Second Week of the Unblinking Gaze (Animisa Sattaha)
Throughout the second week after his enlightenment, as a mark of gratitude to the Bodhi tree for providing him shelter, the Buddha stood gazing at the tree without closing his eyes. On the spot where the Buddha stood a shrine was erected by King Asoka. The Animisilocana Cetiya or ‘Unblinking Gaze’ Shrine is located on elevated ground within the courtyard in front of the Temple.


Third Week on the Walk (Cankama Sattaha)
The Buddha spent the third week after his enlightenment doing walking meditation along a ‘jewelled promenade or Cankama’ running from east to west between the Diamond throne and the Animisilocana Cetiya.
Bro. Wong Mun Heng and myself standing beside the Asokan Pillar.
Fourth Week in Jewelled House (Ratanaghara Sattaha)
The Buddha spent the fourth week after his enlightenment in the ‘Jewelled House’, reflecting on the Abhidhamma, which deals with absolute truths concerning mental and material processes. As he contemplated on the deep and profound doctrine of the Patthana or Conditional Relations, there arose great rapture in the Omniscient mind, which activated material processes in the body to emit rays of six colours – blue, gold, white, red, pink and a massive brightness of all these assorted colours. This spot is now marked by a small shrine within the compound to the north of the Cankama.
Fifth Week at Ajapala /igrodha Tree (Ajapala Sattaha)
During the fifth week after his enlightenment, the Buddha sat at the root of the Ajapala Banyan tree reflecting on the Dhamma and absorbed in the bliss of Phalasamapatti (Fruition of Arahantship). This Banyan tree was called Ajapala because goat-herds came for shelter under its shade. Here the Buddha declared the qualities of a true Brahman in reply to a question by a conceited Brahmin. This site is indicated by a signboard within the courtyard, directly in front of the Temple.
Sixth Week at Mucalinda (Mucalinda Sattaha)
After seven days at the Ajapala Banyan tree, the Buddha moved to the Mucalinda (Barringtonia acutangula) tree, a short distance south of the Temple. There he sat for seven days at the root of the Mucalinda tree, absorbed in the bliss of Arahantship. At that time, there arose an untimely rainstorm and gloom for seven days. Mucalinda, serpent king of the lake, came out and used its coils to encircle the Buddha’s body and its hood to cover the Buddha’s head thereby protecting the Lord. The site of this episode is at the Mucalinda pond, a short distance south of the Temple.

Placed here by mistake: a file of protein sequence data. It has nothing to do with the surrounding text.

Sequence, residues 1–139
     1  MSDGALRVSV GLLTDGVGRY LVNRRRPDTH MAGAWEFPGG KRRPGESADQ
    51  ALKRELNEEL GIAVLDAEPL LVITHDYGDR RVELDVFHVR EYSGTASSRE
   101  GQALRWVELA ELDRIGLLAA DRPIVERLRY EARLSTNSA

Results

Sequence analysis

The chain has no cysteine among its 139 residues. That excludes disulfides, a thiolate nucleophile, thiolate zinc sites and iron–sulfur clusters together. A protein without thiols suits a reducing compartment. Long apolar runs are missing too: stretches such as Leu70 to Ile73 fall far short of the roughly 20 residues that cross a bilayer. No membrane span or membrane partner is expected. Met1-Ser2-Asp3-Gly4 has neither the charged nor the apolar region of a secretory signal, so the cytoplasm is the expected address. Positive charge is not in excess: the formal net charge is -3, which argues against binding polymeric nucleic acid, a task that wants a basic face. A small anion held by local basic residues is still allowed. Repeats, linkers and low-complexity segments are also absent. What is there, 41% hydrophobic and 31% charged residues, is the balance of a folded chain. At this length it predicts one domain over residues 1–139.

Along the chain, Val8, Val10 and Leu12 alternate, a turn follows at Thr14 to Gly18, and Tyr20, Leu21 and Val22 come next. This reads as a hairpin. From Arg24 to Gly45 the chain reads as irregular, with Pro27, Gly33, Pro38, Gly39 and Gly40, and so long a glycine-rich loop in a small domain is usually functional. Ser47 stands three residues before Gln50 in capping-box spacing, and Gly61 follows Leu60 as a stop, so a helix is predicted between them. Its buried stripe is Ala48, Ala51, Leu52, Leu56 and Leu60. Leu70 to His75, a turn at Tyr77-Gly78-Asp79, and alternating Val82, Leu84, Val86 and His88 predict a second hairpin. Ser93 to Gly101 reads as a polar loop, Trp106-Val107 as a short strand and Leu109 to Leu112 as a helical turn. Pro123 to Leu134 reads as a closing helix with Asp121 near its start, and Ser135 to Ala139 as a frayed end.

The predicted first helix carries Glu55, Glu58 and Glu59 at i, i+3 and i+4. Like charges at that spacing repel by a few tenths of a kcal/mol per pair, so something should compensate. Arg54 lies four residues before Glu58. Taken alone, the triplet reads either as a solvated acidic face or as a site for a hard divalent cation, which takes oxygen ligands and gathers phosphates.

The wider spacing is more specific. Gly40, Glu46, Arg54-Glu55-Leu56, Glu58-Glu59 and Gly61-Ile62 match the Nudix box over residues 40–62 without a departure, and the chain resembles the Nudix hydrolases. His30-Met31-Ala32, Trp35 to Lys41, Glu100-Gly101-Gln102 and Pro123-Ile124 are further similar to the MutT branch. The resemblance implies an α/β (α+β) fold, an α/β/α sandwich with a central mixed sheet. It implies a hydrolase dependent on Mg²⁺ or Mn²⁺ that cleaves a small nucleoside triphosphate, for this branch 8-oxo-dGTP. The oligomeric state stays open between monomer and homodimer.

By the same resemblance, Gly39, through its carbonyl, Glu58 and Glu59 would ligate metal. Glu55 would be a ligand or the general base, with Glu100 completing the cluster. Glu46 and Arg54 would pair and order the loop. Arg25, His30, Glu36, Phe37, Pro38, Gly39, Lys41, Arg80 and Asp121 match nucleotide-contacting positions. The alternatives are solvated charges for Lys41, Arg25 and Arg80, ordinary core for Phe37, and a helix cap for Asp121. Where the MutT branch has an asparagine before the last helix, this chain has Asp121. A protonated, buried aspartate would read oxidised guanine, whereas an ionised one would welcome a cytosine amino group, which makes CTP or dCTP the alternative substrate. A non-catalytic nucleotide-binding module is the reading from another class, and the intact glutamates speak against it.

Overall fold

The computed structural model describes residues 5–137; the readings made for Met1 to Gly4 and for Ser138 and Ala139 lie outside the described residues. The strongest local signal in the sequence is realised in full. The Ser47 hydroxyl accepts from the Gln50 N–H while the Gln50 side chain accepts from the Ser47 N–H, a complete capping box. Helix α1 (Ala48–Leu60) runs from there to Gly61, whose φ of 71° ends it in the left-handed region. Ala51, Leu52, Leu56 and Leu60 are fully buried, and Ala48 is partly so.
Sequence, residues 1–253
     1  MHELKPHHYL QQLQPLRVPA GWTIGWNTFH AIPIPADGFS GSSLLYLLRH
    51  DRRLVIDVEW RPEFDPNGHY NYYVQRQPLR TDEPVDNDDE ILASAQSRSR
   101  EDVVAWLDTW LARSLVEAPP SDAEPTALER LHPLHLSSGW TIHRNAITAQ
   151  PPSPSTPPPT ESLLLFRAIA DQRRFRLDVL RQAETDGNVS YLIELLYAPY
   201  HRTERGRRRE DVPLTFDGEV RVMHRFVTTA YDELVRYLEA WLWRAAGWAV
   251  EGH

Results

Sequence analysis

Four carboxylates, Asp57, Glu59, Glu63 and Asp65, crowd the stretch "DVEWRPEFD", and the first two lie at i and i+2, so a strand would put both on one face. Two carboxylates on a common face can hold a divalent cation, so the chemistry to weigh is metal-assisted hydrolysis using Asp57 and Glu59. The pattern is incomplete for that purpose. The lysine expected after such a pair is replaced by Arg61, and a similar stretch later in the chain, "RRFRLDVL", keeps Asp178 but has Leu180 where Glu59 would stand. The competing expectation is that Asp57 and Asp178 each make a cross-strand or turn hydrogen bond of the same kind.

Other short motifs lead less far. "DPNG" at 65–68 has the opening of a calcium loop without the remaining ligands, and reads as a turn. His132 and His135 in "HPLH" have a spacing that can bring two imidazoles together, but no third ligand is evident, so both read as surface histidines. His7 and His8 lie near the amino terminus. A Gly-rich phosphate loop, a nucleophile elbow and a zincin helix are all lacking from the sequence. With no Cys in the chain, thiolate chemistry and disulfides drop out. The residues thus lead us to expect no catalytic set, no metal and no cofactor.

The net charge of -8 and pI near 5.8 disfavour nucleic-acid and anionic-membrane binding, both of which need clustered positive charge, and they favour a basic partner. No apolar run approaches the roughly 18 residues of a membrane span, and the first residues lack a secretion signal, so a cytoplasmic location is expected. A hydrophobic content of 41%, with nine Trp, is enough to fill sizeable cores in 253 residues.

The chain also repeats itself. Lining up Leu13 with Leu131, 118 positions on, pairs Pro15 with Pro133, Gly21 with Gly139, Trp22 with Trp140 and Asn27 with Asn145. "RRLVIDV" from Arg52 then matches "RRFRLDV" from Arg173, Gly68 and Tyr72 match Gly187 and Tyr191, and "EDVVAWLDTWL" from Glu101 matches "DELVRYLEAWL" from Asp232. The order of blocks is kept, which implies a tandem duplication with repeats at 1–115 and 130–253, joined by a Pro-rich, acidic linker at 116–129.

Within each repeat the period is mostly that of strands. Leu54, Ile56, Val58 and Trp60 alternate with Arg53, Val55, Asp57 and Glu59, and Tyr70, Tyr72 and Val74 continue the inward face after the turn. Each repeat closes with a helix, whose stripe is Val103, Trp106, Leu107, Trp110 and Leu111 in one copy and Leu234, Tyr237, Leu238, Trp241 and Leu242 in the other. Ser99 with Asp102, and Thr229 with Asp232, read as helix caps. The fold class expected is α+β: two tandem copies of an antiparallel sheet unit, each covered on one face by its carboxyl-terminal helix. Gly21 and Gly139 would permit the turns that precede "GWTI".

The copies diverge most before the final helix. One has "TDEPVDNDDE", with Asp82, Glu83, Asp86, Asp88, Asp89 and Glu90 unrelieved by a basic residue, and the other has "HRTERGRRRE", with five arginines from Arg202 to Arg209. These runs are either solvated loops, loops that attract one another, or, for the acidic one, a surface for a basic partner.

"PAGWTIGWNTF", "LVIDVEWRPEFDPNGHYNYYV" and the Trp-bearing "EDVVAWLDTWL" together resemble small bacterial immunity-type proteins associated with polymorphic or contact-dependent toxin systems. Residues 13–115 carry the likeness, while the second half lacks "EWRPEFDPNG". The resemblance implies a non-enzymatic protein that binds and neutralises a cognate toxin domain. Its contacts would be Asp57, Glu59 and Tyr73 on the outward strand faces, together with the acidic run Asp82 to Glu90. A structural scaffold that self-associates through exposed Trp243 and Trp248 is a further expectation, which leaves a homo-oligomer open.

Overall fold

Seventh Week at Rajayatana Tree (Rajayatana Sattaha)
After seven days at the Mucalinda tree, the Buddha moved to the Rajayatana tree (Buchanania Latifolia) near the Temple. Here he sat at the foot of the tree absorbed in the bliss of Arahantship for seven days. At that time, two merchant brothers, Tapussa and Bhallika, from Ukkala in Myanmar met the Buddha and offered him rice cakes and honey. They became the Buddha's first lay disciples and requested the Buddha for an object of worship. Thereupon the Buddha rubbed his head and presented them with eight strands of hairs. The brothers then returned to their native Myanmar with the precious hair relics, which were later enshrined by the king in Shwedagon Pagoda in Yangon. The site of this episode is marked by a signboard just south of the Temple.
Our first taste of Indian food and we had to get used to it for the rest of our pilgrimage.

Sis. Annie Watt Lai Seong, J.J. Cheong and Bro. Leong Yew Joo.
Bro. Tan Huat Chye and Sis. Wong See Lan enjoying the Indian cuisine.
Can you spot two orbs in the center of this photo taken by Sis. Julie Tan Chooi Kee? If you were to enlarge this photo you could see the lights inside it.

The 41 Participants: -
01. Prof. Datuk Seri Victor Wee Eng Lye
02. Tan Kim Chan
03. Low Lee Lim
04. Tan Siam Nai
05. Lee Siew Bee
06. Lee Siew Cheok
07. Baby Cheah
08. Au Yeong Su Lyn
09. Khong Yin Swan
10. Lim Moi Hing
11. Leong Yew Joo
12. Watt Lai Seong
13. Ching Neng Bin
14. Cheong Jin Jee
15. Tan Faye Shien
16. Teng Swee Lin
17. Tan Huat Chye
18. Wong See Lan
19. Wong Fook Chai
20. Choo Swee Kim
21. Tan Ching Thong
22. Ooi Kooi Geak
23. Khaw Hock Soon
24. Kong Lan Boey
25. Guoy Lee Le
26. Tan Chooi Kee
27. Tay Siok Eian
28. Tai Poh Chee
29. Ching Bee Geok
30. Lillian Agumo Estolas
31. Tan Kim Lock
32. Lim Ka Tin
33. Khaw Eng Aun
34. May Soong Sin
35. Ng Siew Hua
36. Tan Soo Kee
37. Chong Voon Siong
38. Wong Mun Heng
39. Robert Chong Wei Kuen
40. Loo Leong Teck
41. Wong Sau Chun